Fight lower back pain with strength training
Many of you have experienced or are currently experiencing lower back pain, whether minor or completely debilitating.
It may feel like little jerks in your glutes and legs, stiffness and difficulty getting started, or maybe even constant pain that won’t go away.
Although sometimes it’s a literal pain in the buttocks, many lower back pains can be treated with smart strength training. Not all exercises are right for everyone, and not all exercises are a cure.
However, there is general agreement that an exercise program that challenges the torso in various directions can build strength to help relieve pain.
Lisa Hilinsky:Know, respect your body’s limits for weightlifting
Here are some exercises to consider, after first checking with your healthcare provider to make sure you can try them:
dead bug — On your back, start with both arms extended straight up toward the ceiling, and your legs lifted and bent at a 90 degree angle at the hips and knees.
Extend the right arm fully back and the left leg forward, reaching a position parallel to the floor. Hold this position for a few seconds, return to neutral and extend the opposite arm and leg.
This move should challenge your abdominal muscles.
Debbie DeAngelo:Footwear mistakes that hurt your feet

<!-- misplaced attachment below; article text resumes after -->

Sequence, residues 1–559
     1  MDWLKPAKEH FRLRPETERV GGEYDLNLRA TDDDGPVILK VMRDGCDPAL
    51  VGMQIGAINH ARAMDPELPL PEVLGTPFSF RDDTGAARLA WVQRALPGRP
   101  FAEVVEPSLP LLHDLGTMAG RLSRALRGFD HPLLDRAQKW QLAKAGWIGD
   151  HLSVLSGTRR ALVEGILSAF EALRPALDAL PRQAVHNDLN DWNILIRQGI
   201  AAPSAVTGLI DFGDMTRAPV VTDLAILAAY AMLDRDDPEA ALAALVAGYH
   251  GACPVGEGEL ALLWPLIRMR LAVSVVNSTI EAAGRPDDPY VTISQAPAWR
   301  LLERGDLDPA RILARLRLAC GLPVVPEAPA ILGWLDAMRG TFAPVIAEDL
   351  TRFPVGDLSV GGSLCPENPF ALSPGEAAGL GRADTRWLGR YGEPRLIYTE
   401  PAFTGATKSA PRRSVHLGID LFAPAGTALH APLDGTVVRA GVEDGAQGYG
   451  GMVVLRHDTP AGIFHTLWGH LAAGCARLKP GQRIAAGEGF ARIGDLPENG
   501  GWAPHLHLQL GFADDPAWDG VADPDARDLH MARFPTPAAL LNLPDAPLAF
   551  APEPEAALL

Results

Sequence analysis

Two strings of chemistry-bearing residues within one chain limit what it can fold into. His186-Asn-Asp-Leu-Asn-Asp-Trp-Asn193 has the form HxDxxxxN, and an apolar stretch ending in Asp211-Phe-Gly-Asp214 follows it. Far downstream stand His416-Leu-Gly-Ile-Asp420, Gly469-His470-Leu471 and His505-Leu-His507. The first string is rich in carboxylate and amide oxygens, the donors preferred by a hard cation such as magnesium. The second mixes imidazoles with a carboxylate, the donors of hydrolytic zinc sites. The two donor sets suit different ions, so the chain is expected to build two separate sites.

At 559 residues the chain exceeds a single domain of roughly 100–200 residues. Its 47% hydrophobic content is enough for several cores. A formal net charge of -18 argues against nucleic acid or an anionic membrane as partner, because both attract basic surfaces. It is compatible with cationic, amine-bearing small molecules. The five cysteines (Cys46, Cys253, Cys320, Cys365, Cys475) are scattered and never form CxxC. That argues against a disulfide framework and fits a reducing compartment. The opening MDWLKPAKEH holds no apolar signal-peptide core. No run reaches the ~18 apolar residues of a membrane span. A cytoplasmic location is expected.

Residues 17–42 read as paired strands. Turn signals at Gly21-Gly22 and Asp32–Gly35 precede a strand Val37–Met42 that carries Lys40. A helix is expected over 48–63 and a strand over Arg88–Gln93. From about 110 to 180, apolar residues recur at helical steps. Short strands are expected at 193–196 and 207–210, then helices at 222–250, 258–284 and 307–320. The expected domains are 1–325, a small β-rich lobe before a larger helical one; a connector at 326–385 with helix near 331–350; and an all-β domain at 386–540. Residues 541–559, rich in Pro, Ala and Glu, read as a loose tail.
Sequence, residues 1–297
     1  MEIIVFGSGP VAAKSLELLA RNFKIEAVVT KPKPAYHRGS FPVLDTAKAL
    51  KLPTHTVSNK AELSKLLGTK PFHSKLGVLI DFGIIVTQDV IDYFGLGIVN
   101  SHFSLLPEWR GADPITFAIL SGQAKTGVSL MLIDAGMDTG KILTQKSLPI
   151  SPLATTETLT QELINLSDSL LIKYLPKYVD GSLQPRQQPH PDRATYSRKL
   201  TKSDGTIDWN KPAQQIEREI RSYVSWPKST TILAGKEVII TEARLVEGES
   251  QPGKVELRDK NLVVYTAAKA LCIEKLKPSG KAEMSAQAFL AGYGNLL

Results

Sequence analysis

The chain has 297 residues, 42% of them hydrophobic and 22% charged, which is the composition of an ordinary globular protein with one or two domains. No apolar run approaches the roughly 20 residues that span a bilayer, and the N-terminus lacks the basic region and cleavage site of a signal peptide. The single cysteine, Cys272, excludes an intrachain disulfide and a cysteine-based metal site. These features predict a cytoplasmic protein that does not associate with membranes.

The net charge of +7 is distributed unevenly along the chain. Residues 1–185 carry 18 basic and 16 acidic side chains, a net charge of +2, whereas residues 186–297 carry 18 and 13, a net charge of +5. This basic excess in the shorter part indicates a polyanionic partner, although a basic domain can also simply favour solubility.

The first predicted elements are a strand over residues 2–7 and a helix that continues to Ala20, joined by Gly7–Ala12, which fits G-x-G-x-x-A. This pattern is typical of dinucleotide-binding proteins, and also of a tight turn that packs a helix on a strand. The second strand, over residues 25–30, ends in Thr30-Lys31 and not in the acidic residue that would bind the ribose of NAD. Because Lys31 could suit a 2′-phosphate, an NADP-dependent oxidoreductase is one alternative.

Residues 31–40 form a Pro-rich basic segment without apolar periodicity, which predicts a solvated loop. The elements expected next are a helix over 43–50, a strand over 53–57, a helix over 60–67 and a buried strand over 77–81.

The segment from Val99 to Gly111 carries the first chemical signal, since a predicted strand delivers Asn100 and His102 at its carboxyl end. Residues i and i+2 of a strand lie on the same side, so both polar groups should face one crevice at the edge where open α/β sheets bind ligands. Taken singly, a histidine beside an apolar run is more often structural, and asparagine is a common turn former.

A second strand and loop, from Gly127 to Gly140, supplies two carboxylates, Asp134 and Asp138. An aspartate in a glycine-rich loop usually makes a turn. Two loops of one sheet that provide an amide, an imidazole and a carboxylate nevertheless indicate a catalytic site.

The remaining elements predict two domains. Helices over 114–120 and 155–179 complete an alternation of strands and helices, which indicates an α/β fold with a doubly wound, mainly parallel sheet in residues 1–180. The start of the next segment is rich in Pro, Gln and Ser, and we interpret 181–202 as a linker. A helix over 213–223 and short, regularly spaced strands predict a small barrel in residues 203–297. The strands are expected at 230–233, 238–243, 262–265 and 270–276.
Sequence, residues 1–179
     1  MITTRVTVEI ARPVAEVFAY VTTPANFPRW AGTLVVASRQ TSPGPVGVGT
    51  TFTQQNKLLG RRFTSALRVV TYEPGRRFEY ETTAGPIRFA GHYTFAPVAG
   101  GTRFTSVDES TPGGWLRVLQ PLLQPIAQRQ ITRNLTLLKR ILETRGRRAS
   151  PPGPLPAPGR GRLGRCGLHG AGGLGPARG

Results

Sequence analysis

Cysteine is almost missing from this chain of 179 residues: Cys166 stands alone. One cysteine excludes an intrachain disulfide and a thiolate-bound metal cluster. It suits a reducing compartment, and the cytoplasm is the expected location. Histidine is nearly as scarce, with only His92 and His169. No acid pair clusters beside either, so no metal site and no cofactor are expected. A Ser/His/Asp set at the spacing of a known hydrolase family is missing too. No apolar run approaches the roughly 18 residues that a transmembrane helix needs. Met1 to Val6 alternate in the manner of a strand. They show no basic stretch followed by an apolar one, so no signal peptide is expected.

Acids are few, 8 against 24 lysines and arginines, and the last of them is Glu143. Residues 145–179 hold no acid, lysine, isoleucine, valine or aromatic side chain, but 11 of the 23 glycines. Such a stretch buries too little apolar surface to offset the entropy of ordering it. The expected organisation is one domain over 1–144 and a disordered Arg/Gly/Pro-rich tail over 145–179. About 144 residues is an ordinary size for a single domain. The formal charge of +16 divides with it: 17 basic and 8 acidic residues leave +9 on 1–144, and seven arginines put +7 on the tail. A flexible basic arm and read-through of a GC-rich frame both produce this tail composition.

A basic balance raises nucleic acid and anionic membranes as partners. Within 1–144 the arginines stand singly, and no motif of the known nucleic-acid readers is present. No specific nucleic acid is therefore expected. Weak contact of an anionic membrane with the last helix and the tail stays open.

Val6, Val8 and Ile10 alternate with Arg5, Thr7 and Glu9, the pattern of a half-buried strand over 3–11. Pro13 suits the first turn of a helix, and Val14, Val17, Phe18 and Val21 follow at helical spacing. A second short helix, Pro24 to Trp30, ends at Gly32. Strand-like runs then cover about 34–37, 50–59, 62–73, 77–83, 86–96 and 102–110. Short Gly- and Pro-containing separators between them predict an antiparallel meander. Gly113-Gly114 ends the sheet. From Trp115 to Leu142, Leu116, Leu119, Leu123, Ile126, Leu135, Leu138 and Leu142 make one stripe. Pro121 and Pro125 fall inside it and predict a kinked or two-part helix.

Deadlift with Dumbbells — Any deadlift can be your saving grace for lower back pain. I like to start by teaching the dumbbell deadlift.
Start with two dumbbells of the same weight in each hand, arms hanging by the side of your legs. Maintaining the position of your arms and a strong torso engagement, get into a squat position, chest out, shoulders back, and buttocks back.
Feel the weight in the center of your feet and keep your knees from collapsing. Stand up and perform the movement again.
Mark Buseck, MD:What is arthritis and what can be done about it?
Side slits — Start straight, feet close together, toes pointing forward. With the left leg, take a step (about two feet) and drift your body to the left and down, again, toes forward and knee forward.
Your right leg should remain straight and the knee locked. Stand up and perform the movement in the other direction.
Try these three moves two to four times a week, and hopefully you’ll start to see progress on your back pain.
Lisa Hilinski is the owner of Premier Personal Training.